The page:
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A Note on Development of Medicinal Chemistry

Marchand Florence*

Department of Pharmacy and Biomolecular Sciences, Liverpool John Moores University, Liverpool L3 3AF, UK

*Corresponding Author:
Marchand Florence
Department of  Department of  Pharmacy and Biomolecular Sciences,
Liverpool John Moores University,
Liverpool L3 3AF,
E-mail:  Florence @ marchand

Received: 09-Mar-2022, Manuscript No. JPPS-22-56778; Editor assigned: 12-Mar-2022, PreQC No. JPPS-22-56778 (PQ); Reviewed: 25-Mar-2022, QC No JPPS- 22- 56778; Revised: 30-Mar-2022, Manuscript No. JPPS-22-56778(R); Published: 06-Apr-2022, DOI: 10.2320-0189.11.2. 001

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Medicinal chemistry is a field that combines chemistry, particularly synthetic organic chemistry, with pharmacology and other biological disciplines to work on the design, chemical synthesis, and commercialization of pharmacological agents or bioactive compounds (drugs). Organic compounds are most commonly used as medicines, and they are divided into two categories: small organic molecules (e.g., atorvastatin, fluticasone, clopidogrel) and biologics (infliximab, erythropoietin, insulin glargine), the latter of which are mostly medicinal preparations of proteins (natural and recombinant antibodies, hormones etc.). Drugs can be made from both inorganic and organometallic substances (e.g., lithium and platinum-based agents such as lithium carbonate and cisplatin as well as gallium).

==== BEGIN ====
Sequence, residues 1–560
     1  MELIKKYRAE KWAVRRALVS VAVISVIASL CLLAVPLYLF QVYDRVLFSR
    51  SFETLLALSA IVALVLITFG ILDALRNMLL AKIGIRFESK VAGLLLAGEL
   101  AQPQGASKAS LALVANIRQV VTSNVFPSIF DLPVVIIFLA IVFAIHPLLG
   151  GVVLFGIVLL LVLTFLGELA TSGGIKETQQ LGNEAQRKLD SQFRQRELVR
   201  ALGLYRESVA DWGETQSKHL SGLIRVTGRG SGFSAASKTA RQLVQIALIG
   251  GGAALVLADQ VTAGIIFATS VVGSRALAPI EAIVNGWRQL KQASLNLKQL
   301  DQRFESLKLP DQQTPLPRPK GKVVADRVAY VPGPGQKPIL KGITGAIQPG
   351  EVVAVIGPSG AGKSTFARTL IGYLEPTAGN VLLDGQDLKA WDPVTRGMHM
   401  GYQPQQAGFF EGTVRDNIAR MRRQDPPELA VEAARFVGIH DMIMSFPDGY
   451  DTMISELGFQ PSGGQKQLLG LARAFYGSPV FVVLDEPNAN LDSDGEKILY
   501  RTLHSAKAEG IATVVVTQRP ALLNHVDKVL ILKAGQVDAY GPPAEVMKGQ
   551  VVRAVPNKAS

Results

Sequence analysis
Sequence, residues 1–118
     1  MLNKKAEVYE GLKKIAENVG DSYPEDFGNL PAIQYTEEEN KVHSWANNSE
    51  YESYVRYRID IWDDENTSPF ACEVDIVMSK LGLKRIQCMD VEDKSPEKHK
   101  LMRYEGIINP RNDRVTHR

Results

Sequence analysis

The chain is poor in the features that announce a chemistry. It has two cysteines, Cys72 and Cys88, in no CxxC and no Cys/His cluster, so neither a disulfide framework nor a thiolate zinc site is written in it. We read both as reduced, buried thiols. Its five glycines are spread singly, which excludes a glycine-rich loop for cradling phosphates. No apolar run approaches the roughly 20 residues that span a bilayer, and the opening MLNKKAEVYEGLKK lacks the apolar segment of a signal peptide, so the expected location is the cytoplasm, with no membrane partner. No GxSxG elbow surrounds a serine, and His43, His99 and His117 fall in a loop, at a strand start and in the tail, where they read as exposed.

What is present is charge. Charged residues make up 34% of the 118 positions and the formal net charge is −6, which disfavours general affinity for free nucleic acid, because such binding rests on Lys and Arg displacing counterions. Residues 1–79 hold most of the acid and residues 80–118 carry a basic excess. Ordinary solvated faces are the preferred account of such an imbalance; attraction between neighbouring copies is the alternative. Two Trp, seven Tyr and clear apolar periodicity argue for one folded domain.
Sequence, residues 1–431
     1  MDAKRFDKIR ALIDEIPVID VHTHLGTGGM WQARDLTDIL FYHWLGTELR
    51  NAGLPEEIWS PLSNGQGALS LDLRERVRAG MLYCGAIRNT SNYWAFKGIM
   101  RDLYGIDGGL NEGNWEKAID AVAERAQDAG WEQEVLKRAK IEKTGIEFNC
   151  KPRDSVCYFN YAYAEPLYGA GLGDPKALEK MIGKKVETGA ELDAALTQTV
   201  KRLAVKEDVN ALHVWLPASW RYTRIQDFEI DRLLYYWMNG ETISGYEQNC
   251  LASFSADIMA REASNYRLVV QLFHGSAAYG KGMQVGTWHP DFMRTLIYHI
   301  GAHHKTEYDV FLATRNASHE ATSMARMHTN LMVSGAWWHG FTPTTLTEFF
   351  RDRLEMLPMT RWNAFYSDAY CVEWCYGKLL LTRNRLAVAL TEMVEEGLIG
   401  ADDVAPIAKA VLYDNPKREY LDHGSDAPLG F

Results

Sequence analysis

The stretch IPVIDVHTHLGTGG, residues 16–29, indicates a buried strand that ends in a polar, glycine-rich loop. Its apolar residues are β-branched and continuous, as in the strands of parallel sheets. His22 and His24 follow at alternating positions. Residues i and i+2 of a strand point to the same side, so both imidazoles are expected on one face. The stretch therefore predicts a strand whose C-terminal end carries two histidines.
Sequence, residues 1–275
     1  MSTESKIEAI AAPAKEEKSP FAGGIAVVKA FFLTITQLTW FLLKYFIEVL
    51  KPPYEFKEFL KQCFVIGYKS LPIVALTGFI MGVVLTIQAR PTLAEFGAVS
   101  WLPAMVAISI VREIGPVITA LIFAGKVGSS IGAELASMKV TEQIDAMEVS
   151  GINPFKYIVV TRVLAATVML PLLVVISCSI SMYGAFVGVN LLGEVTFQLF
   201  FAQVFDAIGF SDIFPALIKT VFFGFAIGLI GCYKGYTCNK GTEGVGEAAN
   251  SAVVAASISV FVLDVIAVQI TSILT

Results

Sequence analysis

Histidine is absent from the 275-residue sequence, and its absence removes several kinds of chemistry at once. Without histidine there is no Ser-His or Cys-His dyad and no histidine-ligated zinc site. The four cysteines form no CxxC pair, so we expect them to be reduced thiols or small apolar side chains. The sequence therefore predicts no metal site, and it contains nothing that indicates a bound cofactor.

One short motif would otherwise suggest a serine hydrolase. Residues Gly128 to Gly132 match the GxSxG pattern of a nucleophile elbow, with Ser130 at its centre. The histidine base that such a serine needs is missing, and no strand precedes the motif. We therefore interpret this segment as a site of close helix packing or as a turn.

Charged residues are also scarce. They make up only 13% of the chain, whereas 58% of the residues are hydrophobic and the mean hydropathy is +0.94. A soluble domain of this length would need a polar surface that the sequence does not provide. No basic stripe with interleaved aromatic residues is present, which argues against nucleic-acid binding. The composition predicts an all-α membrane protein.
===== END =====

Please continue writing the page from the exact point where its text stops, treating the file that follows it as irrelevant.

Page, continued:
Medicinal chemistry, in its most common form—focusing on small organic molecules—includes synthetic organic chemistry, natural product aspects, and computational chemistry, all of which are used in tandem with chemical biology, enzymology, and structural biology to discover and develop new therapeutic agents. In practise, it entails identifying chemical characteristics of novel chemical entities, followed by systematic, complete synthetic change of new chemical entities to make them acceptable for therapeutic application. It encompasses the synthetic and computational components of studying existing medications and agents under development in respect to their bioactivities (biological activities and qualities), i.e., comprehending Structure–Activity Correlations (SAR). Pharmaceutical chemistry is concerned with the quality of medicines and aims to ensure that they are fit for their intended use. Medicinal chemistry combines with biological areas such as biochemistry, molecular biology, pharmacognosy and pharmacology, toxicology, and veterinary and human medicine to form a set of highly interdisciplinary sciences at the biological interface. These, along with project management, statistics, and pharmaceutical business practises, systematically oversee altering identified chemical agents such that after phasing out.